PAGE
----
We learned from JFK and especially from Errol Morris’ The Thin Blue Line that there exists a small margin where a film is documentary and a where the same movie is a work of fiction. Obviously, a movie is a work of fiction if it is demonstrably or explicitly false: the author of the script made up a story, likely based on his experience or close cousins thereof, and this story receives a visual interpretation. There also exists movies more truth than fiction, whose story spine errs heavily in favor of honest, actual events, whose false parts are either included for narrative’s sake or to intentionally confound an audience. Some genres require more (horror/suspense), and others, less (period piece).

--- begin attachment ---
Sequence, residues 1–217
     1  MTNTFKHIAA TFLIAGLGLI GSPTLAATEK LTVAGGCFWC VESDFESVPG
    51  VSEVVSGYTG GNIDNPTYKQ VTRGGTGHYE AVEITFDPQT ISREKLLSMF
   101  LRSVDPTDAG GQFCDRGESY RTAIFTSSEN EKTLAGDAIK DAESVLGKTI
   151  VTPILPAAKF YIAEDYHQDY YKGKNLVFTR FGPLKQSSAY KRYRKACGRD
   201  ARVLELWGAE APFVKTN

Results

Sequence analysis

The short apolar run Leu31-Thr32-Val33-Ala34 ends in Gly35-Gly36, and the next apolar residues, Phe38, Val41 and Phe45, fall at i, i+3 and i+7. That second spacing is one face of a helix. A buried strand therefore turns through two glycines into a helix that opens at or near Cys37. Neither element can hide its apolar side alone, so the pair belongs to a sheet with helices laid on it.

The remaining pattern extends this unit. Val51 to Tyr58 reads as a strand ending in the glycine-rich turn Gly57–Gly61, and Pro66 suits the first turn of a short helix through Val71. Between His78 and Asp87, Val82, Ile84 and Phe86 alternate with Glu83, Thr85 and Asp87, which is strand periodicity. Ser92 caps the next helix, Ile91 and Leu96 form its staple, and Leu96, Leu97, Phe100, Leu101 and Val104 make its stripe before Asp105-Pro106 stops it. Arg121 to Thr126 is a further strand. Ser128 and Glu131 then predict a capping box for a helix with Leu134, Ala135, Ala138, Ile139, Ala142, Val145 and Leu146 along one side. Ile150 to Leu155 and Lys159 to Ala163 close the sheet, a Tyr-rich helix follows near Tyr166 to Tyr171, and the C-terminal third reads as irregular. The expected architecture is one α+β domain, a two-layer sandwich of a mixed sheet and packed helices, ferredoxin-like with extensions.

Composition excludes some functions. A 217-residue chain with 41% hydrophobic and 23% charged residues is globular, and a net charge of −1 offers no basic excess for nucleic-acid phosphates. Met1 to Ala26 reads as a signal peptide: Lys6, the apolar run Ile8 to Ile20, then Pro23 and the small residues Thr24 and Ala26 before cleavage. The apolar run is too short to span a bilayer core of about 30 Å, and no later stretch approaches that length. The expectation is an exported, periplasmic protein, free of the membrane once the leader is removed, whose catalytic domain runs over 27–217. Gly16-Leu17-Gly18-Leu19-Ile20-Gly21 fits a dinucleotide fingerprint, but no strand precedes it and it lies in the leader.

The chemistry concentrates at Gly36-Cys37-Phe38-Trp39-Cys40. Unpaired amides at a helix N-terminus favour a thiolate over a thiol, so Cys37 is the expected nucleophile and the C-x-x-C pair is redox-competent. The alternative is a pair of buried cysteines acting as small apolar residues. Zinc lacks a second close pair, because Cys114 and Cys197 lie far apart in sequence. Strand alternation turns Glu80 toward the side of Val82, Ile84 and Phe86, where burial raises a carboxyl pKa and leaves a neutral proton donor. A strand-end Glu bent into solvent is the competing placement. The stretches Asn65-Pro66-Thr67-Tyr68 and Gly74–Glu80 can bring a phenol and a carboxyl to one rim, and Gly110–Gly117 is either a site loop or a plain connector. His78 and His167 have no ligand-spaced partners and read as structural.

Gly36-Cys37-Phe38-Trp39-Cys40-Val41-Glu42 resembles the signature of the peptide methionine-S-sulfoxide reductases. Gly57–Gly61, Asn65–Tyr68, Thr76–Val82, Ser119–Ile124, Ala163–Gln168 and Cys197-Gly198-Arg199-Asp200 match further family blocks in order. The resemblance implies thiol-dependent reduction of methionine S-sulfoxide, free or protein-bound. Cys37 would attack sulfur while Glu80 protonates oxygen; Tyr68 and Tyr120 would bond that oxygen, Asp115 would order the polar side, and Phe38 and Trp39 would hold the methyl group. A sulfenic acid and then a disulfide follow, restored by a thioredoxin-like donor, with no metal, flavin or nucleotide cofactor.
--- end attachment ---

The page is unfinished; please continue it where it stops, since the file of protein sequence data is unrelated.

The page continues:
A film is either true, or as true as possible, or false with elements of truth, even if the truth is capital-T truth. All media needs some sort of relatable element, even a sliver of something to grasp. Otherwise, perhaps on purpose, the film will be nonsense incarnate and unwatchable. We can be sure, though, that no film is one-hundred-percent truth, even if it bills itself as documentary. Even primary sources, firsthand accounts of events that for certain happened, have fallibility: the human memory is imperfect.